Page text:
Accountability in Syria

Promoting justice and accountability in Syria

As violence in Syria continues and allegations of atrocities continue to be made against both the Syrian government and armed opposition groups, the need to establish some form of accountability remains acute. Following the collapse of rule of law in most of Syria, and the failure of the UN Security Council to refer Syria to the International Criminal Court, what hopes remain for justice for Syrian civilians? Is it feasible to pursue justice while the conflict is ongoing?

The Ceasefire Centre for Civilian Rights has been working to evaluate current accountability options and the potential impact on Syrian victims. ‘A Step towards Justice: Current accountability options for Syria’ was published jointly by Ceasefire and our partners the Syria Justice and Accountability Centre and launched before UN delegations in New York at an event hosted by the Norwegian mission to the UN, and at events in Washington DC (hosted by the American Bar Association) and London featuring the Hon Patricia Wald and Sir Geoffrey Nice QC.

In the context of very widespread impunity, a strategic approach to pursuing available accountability options is urgently needed. With pro bono support from Allen & Overy LLP, preparatory work has been undertaken to assess the feasibility of bringing extra-territorial cases, both criminal and civil, concerning gross violations of the rights of civilians in Syria. Depending on the national laws in place, cases may be brought in European, North American or other jurisdictions, including those where Syrian perpetrators may have fled or Syrian victims may have sought refuge.

However, the capacity of Syrian civilians, both in Syria and in exile, to bring such cases is very limited. This project seeks to address this gap as a step on the path of justice, aiming to achieve some limited but vitally important accountability during the conflict. Even if some form of transition occurs in Syria, its outcome will be uncertain and effective transitional justice processes are a distant prospect. Improving the capacity of Syrians to document, prepare and bring cases will also prepare the ground for any larger, more comprehensive justice and reconciliation process in the future.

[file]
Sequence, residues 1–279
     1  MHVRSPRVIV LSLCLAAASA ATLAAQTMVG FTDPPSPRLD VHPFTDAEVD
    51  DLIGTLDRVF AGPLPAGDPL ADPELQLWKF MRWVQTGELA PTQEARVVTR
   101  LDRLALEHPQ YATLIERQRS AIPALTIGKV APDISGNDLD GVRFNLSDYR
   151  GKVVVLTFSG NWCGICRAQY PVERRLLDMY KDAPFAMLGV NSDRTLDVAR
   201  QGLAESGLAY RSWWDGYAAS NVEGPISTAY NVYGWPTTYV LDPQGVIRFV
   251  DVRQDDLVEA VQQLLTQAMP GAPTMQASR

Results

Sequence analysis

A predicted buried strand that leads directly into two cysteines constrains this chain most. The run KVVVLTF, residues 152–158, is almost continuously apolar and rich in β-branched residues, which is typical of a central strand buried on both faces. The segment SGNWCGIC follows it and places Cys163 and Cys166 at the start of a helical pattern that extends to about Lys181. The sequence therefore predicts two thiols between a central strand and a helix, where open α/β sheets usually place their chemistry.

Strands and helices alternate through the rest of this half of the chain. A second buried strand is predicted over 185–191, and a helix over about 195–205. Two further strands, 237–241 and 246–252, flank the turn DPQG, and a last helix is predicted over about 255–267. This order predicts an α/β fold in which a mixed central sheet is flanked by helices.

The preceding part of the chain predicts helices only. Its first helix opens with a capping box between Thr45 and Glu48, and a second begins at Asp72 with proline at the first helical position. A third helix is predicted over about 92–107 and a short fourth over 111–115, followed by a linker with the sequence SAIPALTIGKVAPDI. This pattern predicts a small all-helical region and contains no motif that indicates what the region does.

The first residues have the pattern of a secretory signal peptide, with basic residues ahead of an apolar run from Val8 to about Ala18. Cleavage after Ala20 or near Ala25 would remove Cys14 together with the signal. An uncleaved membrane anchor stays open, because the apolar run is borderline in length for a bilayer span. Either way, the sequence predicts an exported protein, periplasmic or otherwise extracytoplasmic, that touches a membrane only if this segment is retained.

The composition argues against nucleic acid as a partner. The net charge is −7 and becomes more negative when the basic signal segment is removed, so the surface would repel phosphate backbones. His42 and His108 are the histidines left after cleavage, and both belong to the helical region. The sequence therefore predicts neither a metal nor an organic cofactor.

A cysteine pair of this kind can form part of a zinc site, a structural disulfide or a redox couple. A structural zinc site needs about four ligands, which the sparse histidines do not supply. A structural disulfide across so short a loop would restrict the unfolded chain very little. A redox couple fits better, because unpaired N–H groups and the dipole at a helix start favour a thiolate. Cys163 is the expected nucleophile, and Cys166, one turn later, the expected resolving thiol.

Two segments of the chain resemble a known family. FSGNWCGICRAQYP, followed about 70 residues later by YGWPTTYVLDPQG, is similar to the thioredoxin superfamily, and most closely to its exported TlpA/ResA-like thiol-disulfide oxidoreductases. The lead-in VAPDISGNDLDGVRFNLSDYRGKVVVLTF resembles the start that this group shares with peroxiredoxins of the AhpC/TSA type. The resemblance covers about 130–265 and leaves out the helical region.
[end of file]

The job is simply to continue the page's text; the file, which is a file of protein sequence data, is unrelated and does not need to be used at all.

Key partners on this project are:
  • Allen & Overy LLP has the largest global reach of any major law firm, with a network now spanning 46 offices in 32 countries. The firm’s pro bono and community investment work uses this network to find solutions to some of society’s most pressing issues.
  • The Syria Justice and Accountability Centre (SJAC), based in The Hague and Washington DC, maintains an archive of documentation of violations committed in Syria for the purposes of transitional justice efforts, and is supported multilaterally through the Group of Friends of the Syrian People.
Reports produced on Syria include:
  • A Step towards Justice: Current accountability options for crimes under international law committed in Syria (English/Arabic)
  • Civilian deaths in the anti-ISIS bombing campaigns 2014-2015 (English/Arabic)
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